In a confrontation, dialogue better than flight or fight

Dave Knutson
Dave Knutson

When a highly charged, intense exchange occurs, many recoil and try to avoid conflict. Some get their hackles up. Still others go along to get along. Research identifies three mechanisms that are frequently deployed in conflict: flight, fight or give in.

Isn’t there a better way to deal with conflict and polarization when it arises? Let’s explore a few approaches.

You’re not going to like this, but guess what? It starts with you. First ask yourself these three questions:

Do I want to win? Coming out on top in a conflict necessarily creates losers. When someone loses, the resentment that typically arises is directed at the winners. Does anyone really “win” when the relationship suffers?

Do I want to be “proven” right? Do you want to be right or do you want to be at peace? The drive to be right runs roughshod over gaining perspective. When one needs to be right, contrary evidence is often dismissed.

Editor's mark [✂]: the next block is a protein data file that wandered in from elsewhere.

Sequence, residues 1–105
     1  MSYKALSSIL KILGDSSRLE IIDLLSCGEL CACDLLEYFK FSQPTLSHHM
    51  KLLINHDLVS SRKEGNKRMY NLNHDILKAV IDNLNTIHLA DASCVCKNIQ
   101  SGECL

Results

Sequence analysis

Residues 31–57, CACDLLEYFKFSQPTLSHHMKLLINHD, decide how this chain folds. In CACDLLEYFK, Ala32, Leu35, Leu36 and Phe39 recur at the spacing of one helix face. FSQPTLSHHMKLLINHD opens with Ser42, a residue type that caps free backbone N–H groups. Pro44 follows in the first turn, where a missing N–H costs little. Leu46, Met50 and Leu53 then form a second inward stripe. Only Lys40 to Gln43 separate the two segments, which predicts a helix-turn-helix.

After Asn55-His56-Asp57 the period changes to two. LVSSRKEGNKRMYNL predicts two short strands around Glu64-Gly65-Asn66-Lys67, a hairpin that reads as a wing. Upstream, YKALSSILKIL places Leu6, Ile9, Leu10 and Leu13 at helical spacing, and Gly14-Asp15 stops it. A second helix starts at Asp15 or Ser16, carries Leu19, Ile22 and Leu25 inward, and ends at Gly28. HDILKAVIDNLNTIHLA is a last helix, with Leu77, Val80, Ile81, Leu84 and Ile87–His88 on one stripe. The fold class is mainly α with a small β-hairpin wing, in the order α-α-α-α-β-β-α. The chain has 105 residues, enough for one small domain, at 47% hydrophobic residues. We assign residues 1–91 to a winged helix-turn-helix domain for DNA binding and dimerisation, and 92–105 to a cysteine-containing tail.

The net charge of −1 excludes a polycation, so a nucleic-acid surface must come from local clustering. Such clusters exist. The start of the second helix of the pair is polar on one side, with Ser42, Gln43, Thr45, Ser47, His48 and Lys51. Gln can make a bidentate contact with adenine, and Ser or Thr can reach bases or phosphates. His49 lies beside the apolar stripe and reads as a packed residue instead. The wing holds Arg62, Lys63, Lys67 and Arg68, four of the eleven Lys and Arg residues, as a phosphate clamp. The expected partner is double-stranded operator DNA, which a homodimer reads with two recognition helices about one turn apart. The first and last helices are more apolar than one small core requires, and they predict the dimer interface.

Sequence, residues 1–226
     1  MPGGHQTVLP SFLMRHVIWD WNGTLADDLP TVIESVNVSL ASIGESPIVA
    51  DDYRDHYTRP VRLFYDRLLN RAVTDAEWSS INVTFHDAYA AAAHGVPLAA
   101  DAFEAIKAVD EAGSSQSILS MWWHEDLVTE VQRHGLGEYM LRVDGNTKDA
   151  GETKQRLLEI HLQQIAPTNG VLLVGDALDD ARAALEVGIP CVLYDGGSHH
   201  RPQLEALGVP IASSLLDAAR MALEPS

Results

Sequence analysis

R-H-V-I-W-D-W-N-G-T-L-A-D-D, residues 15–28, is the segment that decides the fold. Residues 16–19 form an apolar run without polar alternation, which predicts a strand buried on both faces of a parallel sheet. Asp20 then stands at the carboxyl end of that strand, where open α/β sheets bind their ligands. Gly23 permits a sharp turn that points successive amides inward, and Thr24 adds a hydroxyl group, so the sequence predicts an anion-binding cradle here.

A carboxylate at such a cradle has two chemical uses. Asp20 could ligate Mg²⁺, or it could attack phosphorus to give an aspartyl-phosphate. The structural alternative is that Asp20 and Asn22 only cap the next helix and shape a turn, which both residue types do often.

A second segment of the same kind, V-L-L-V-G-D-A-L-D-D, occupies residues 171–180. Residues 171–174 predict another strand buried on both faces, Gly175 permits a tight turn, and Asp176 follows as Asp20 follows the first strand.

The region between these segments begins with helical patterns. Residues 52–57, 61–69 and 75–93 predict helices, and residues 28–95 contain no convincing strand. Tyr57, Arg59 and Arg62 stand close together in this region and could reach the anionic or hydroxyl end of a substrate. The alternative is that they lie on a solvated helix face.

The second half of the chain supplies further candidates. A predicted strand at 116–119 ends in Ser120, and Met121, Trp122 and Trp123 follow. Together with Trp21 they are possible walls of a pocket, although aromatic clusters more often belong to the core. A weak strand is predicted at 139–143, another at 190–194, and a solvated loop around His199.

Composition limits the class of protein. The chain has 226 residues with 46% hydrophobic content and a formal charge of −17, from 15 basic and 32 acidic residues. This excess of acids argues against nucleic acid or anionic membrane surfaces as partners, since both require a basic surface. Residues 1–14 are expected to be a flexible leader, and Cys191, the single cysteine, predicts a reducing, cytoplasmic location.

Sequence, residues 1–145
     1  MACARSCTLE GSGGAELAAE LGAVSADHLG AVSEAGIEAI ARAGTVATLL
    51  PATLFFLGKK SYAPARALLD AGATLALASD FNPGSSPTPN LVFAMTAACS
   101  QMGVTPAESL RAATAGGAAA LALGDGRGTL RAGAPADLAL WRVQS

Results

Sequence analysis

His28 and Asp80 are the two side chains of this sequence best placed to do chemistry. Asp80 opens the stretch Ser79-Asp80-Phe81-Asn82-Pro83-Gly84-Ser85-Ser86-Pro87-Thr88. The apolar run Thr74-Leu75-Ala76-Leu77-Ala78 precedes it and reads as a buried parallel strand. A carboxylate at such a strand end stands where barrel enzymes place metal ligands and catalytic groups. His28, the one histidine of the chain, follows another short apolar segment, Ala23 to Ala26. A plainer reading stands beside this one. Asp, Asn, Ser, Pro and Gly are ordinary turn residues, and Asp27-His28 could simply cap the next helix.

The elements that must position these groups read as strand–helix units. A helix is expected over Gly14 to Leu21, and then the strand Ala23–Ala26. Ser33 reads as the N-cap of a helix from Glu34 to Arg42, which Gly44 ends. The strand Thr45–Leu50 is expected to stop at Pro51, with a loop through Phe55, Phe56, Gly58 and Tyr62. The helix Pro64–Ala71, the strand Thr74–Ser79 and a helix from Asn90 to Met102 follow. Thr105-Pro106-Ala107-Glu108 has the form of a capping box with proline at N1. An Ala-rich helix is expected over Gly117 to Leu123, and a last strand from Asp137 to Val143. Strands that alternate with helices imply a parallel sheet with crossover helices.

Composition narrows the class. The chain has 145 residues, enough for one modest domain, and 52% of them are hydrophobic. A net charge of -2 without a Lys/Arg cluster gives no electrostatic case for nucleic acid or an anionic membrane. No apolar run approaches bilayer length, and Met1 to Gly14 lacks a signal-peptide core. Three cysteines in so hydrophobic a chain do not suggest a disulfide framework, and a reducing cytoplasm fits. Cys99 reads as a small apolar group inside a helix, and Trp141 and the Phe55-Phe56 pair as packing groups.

Do I want to beat up on somebody? Peter Newel’s quote is pertinent: “Realize that when you want to beat up on somebody, you’re not going to solve a problem.” The need for revenge or putting someone down invokes defensiveness and anger.

In seeking dialogue in a polarized climate, resentment, lack of respect, being closed to influence, defensiveness or anger won’t be your friends.

Calm down, take a breather and ensure your mindset and approach are constructive.

Next, deploy listening skills with others to get clear on their points of view. Oftentimes, anger is only a mask for fear or a cover for weakness. Ask a few door-opening questions. What do you really want? What are you not getting?

Suggest setting up a polarization-free zone by proposing the following approach:

Tell me your position.

Let me know how you got there.

Let me restate what I’ve heard from you.

Did I get what you said or did I miss something?

I’d like you to do the same for me.

In my experience, sincere attempts to understand the other person that are reciprocated produce respect, understanding and a climate for seeking solutions through dialogue.

David Esposito in Tucson puts it well when he boils it down for his students. He suggests three core ground rules for interactions: listen, help and respect.